Honor 8X review: Redmi Note 7 competitor with NFC for $232.29
The Honor 8X is – beside the Redmi Note 7 – probably the price performance tip within the range around $200. The biggest plus point compared to the Redmi competition is probably the support of NFC and Google Pay. But can the rest of the 8X also hold its own against the Note 7?
- Honor 8X (4/64 GB) Global Version
- Honor 8X (4/128 GB) Global Version
Technical data of the Honor 8X
|Display||6.5 inch 19.5:9 Full-HD+ (2340 x 1080 pixels) LC Display (396 PPI)|
|Processor||HiSilicon Kirin 710 Octa-Core @2,2 GHz | 1,7 GHz|
|Graphics chip||ARM Mali-G51 MP4|
|RAM||4 GB LPDDR4X|
|Internal memory||64 GB / 128 GB (microSD to 256 GB)|
|Camera||20 MP ƒ/1.8 + 2 MP ƒ2.4 Dual camera|
|Front camera||16 Megapixel ƒ/2.0 aperture|
|Battery||3.750 mAh with 10W charger|
|Connectivity||Bluetooth 4.2, Micro-USB, Dual-SIM, GPS, 5GHz WLAN|
|Features||Fingerprint Sensor, Face Unlock, NFC, Headphone Jack|
|Operating system||Android 8.1 Oreo with EMUI 8.2 interface|
|Dimensions / Weight||160.4 x 76.6 x 7.8 mm / 175 g|
The Honor 8X isn’t brand new. But it is an interesting competitor for the Redmi Note 7, just as it has an edge because of its integrated NFC.
6.5 inch display in the usual stylish design
Compared to its predecessor (7X), the display grows by 0.57 inches to a proud 6.5 inches. However, the resolution and sharpness remain at a similar level. With 2340 x 1080 pixels, the Chinese continue to talk about FullHD+ and thus achieve a pixel density of 396 PPI (the average is 402 PPI).
Unfortunately we had to notice light bleeding at the bottom of the screen with our test device. However, we could observe a similar effect with the Honor View 20, so it could be a deliberate effect, which is only noticeable on closer inspection. All in all, the screen makes a good impression and is in good average with regard to contrast, brightness and color representation.
If you enlarge the display in this way, you have to work space-savingly, of course, in order not to let the smartphone itself become too huge. That’s why Honor, as with Honor 10, relies on a notch. The notch is pleasantly small, but is not yet at the level of the Waterdrop notch of the Note 7. Nevertheless, the 8X, with dimensions of 160.4 x 76.6 x 7.8 mm, is hardly larger than the Redmi competition, making it more of a “two-handed smartphone”.
The workmanship is typical for a Honor Smartphone very good and the design with the characteristic glass back is still inspiring. Especially in our red version this is of course even more noticeable, so that the two different glass effects come into their own. On the left of the dual camera, the Honor logo and the “AI Camera” lettering are emblazoned on slightly different looking glass than on the right. If the red is too aggressive for you, you can alternatively use the blue, pink, classic black or recently the Phantom Blue Edition.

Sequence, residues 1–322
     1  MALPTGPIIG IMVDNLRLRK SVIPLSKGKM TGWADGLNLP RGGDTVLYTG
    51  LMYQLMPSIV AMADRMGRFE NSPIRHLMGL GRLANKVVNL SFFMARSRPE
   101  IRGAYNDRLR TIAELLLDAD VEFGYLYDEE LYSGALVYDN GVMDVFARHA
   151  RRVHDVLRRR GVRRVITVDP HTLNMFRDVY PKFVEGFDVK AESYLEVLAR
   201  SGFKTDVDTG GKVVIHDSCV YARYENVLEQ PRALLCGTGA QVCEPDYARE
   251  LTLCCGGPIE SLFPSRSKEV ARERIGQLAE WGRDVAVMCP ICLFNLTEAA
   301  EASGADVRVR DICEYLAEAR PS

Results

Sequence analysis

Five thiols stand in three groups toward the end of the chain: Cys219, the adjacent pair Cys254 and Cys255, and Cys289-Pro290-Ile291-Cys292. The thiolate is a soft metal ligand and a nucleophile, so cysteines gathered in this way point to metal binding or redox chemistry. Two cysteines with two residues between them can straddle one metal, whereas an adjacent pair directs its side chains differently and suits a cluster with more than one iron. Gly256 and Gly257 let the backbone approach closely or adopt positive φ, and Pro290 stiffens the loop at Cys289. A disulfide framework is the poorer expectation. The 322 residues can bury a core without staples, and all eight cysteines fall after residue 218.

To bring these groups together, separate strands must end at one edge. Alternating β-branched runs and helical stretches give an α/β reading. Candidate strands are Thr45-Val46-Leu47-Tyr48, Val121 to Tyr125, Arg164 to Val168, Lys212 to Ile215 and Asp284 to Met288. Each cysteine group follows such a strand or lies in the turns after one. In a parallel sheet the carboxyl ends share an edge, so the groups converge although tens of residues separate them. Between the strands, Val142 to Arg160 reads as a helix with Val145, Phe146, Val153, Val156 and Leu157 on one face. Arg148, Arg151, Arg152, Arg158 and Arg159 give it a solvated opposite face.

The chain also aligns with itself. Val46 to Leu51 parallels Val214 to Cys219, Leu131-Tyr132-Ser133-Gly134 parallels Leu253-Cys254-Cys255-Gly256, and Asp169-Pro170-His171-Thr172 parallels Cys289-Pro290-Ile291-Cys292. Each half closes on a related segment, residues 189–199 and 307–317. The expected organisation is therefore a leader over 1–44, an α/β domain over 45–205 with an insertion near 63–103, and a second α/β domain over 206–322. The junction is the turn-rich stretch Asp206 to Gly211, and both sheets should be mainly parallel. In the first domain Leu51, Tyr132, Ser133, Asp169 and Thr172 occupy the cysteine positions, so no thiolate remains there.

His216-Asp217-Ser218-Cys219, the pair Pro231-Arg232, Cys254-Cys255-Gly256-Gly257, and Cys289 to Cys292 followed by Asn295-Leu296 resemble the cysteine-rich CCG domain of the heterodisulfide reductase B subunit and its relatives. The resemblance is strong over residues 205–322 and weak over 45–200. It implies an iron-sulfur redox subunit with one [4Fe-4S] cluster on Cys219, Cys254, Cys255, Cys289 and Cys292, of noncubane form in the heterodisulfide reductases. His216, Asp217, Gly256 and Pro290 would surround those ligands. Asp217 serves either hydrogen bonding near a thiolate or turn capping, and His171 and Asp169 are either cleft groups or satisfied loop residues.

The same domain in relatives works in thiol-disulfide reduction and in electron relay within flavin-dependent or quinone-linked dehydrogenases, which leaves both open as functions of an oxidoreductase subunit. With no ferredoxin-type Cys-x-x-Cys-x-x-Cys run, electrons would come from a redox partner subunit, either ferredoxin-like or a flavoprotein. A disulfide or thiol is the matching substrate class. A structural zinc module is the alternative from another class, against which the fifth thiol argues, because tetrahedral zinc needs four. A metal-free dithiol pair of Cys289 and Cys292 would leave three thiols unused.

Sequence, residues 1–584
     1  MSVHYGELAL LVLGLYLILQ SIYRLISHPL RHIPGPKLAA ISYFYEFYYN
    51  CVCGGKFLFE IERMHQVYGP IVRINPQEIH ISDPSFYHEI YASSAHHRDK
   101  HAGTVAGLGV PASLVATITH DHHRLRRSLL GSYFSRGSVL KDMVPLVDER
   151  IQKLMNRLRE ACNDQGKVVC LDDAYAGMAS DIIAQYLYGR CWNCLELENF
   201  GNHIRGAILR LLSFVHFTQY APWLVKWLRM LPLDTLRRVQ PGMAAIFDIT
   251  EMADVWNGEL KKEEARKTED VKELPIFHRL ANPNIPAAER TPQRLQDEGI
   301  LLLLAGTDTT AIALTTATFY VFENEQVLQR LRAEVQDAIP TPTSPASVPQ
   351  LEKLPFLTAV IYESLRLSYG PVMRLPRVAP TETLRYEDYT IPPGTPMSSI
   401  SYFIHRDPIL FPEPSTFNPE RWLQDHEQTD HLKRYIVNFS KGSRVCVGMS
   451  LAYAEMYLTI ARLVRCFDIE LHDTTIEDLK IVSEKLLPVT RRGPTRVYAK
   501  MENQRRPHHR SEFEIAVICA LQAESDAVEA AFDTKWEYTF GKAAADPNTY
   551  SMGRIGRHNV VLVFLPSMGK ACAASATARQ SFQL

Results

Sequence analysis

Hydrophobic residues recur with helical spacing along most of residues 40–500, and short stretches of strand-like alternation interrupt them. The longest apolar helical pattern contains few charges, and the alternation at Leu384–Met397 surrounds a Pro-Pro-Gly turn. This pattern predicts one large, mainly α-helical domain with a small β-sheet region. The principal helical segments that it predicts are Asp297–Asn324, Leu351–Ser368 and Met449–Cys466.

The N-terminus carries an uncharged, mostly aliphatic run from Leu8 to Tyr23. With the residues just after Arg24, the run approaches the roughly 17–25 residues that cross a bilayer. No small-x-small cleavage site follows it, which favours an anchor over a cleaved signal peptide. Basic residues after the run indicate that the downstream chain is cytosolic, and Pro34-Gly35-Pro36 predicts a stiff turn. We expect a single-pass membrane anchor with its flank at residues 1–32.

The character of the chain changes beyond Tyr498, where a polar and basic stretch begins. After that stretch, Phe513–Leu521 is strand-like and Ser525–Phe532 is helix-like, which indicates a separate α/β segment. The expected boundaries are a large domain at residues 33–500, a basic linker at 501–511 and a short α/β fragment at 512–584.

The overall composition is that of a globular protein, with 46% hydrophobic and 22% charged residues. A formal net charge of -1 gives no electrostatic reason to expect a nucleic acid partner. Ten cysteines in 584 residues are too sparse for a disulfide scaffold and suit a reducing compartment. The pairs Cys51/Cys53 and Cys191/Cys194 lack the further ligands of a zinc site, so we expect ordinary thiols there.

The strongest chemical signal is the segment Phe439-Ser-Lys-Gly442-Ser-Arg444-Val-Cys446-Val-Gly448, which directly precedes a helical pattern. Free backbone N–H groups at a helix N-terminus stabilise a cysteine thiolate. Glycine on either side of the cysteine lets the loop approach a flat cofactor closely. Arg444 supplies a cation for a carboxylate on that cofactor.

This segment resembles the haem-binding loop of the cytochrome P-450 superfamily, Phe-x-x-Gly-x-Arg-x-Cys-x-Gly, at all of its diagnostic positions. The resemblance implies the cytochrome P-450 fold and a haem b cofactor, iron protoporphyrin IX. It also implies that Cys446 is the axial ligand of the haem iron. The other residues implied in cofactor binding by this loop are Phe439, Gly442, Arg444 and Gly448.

The fingerprint sensor is slightly recessed on the back and can be easily felt blindly. It reacts very quickly and reliably, as you would expect from “normal” fingerprint sensors.
Good middle class performance
Honor uses its own Kirin 710 as processor. The Octa-Core with four 2.2 GHz and four 1.7 GHz cores is also used in the Honor 10 Lite and Huawei Mate 20 Lite and is most similar to the Snapdragon 660 from the Redmi Note 7. This comparison is also confirmed in everyday life, where the 8X performs well. Apps open quickly, the system runs smoothly and without lags or long waiting times. Multitasking also works with the 4 GB RAM without big problems, but a 6 GB option would have been nice for more future security.
A difference to Redmi Note 7 is only really noticeable when you play. Here the Mali-G51 MP4 GPU can’t quite keep up with the Honor 8X, which is also confirmed by the AnTuTu GPU score of 22.135 (vs. 30.399 at note 7). In practice, this simply means that you have to play demanding games like Asphalt 9 or PUBG Mobile on medium graphics settings in order to have a smooth gaming experience. The games are stored on either 64 GB or 128 GB, which can still be expanded using a microSD card.
EMUI 8.2 and Netflix in FullHD!
Honor 8X is delivered with Android 8.1 Oreo which runs the EMUI 8.2 interface of Honor and Huawei respectively. Fortunately there have already been updates so that the security patch is up to date as of January 2019. You also like to see that the Google Play Store is directly available and the whole system is completely available in several languages. Of course, this is what you expect from a Honor device and is also standard in the Global version of Redmi Note 7. A real advantage compared to the Note 7 is the Widevine Level, because the 8X has Level 1. In practice, this means that you can stream Netflix, Prime Video etc. in FullHD (1080P), while you are limited to 540 P for Note 7.